— D.T.

The Rise of King Euro?

The euro has risen some 7-8 percent against the dollar since the beginning of May, and it is up some 3-4 percent since the period in July just before the recent EU summit (technically a meeting of the EU’s “Council”) at which the union’s leadership agreed both its budget (which, as usual, is a multi-year deal) and a €750-billion-coronavirus-rescue package of loans and grants to the countries most affected by COVID-19.


[T]he European Union’s landmark rescue fund has gone a long way in soothing concerns over the bloc’s structural risks, and efforts to control the coronavirus and reignite the economy look particularly promising compared to the U.S. Those factors are setting the stage for a long-lasting change for the euro.

“This is not a matter of growth this year or next year or predictions about the cycle — it’s really something more structural,” said Nicolas Veron, a senior fellow at the Peterson Institute for International Economics. “The budget deal changes the way financial markets look at the euro zone in a significant way,” he said, adding that “it’s a big reinforcement of the EU and of the euro.”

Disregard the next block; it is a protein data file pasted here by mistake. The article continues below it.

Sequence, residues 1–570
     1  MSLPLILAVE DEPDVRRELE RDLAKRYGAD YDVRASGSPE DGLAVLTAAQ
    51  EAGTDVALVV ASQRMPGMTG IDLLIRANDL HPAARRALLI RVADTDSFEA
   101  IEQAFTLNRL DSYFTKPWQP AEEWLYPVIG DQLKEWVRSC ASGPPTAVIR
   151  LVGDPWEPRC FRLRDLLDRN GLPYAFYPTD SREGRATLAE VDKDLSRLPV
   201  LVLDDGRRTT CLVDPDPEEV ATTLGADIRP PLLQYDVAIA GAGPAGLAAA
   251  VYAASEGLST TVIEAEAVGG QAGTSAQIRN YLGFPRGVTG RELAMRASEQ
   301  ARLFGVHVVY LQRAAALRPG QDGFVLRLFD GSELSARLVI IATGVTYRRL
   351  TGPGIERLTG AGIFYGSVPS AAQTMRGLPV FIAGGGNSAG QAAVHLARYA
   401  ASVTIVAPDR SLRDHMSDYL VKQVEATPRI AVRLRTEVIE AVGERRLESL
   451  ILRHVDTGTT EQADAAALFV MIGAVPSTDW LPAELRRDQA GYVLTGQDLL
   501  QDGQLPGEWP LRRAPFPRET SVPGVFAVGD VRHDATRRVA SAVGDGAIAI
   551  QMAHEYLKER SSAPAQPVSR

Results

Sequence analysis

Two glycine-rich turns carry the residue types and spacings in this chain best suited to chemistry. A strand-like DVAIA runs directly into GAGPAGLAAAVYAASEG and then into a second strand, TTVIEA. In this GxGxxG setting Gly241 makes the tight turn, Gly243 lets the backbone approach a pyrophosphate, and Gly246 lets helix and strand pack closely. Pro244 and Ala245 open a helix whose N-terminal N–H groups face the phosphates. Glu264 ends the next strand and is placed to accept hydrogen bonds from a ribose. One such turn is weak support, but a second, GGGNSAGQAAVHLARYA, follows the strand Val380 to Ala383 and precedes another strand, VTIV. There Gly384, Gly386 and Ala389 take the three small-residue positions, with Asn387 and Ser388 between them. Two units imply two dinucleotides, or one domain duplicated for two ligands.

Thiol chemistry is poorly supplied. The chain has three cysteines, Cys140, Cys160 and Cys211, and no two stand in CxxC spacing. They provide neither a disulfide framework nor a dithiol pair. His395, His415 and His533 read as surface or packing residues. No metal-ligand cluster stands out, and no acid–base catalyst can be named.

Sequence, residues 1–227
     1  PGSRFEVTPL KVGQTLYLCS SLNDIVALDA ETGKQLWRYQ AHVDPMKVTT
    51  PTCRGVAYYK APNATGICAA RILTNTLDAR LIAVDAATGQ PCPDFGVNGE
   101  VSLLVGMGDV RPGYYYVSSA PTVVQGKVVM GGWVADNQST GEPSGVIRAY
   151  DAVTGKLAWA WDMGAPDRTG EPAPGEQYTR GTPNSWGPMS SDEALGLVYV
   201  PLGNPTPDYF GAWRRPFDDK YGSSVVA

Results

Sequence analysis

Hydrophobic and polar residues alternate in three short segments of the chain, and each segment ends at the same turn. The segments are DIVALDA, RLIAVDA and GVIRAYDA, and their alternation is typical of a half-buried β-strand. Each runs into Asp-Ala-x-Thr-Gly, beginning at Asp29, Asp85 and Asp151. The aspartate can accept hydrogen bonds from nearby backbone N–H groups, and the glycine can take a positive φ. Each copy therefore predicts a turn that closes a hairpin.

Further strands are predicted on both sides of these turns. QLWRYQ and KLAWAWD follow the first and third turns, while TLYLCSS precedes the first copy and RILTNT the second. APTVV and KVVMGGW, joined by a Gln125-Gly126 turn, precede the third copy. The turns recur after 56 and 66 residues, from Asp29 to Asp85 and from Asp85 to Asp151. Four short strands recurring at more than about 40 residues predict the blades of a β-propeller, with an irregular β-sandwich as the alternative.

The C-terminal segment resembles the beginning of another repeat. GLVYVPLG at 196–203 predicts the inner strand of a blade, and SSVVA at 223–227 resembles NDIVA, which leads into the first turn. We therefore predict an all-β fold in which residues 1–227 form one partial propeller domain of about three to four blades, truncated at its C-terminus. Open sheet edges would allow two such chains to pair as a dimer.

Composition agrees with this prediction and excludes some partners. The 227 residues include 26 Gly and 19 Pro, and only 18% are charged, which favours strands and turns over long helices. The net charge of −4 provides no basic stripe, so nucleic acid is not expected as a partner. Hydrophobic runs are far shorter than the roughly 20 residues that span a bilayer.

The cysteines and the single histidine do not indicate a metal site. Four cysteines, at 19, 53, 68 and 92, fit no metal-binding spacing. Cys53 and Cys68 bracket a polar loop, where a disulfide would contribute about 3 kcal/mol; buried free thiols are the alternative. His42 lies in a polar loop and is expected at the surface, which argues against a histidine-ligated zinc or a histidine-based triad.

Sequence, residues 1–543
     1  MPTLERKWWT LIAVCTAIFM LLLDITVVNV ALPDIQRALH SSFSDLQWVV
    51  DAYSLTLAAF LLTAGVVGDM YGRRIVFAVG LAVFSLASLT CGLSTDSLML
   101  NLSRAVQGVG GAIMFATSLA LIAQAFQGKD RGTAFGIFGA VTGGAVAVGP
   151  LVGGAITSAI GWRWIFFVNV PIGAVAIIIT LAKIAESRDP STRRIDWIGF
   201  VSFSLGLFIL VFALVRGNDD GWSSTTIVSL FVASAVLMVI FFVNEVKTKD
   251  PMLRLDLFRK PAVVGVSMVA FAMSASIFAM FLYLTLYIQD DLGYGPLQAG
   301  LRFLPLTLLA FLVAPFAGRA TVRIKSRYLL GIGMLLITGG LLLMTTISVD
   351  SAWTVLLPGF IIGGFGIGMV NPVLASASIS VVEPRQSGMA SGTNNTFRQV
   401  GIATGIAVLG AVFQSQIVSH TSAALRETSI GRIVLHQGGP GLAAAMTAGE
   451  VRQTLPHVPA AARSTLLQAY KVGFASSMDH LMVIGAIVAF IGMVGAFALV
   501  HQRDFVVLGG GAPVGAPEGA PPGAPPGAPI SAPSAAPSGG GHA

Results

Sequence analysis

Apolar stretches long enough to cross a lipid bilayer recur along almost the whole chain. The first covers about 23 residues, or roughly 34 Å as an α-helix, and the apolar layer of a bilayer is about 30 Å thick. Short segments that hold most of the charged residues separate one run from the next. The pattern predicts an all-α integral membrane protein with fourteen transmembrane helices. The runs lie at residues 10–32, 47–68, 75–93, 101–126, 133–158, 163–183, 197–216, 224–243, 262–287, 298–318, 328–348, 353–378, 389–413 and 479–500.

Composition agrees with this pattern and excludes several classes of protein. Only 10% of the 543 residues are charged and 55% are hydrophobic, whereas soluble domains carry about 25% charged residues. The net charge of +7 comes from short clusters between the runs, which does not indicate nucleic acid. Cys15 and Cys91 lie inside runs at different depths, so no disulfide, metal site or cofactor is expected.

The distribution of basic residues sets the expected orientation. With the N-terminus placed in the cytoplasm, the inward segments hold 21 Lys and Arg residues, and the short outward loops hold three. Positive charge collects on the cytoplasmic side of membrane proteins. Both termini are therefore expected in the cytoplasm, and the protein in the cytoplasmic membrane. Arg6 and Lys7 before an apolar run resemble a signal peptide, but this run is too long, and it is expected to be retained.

While I suspect that weeks of disorder in the U.S. (together with many different types of worry about what November might bring), as well as a fresh coronavirus wave, might just have something to do with the dollar’s decline against the euro, there’s quite a bit to what Veron says. While the rescue package was sold as a “one-off” in order to enable the E.U.’s more frugal members to sign off on it, no one should believe that claim for a moment. There will be other “one-offs,” not least because the structural problems that plague the euro zone have not gone away.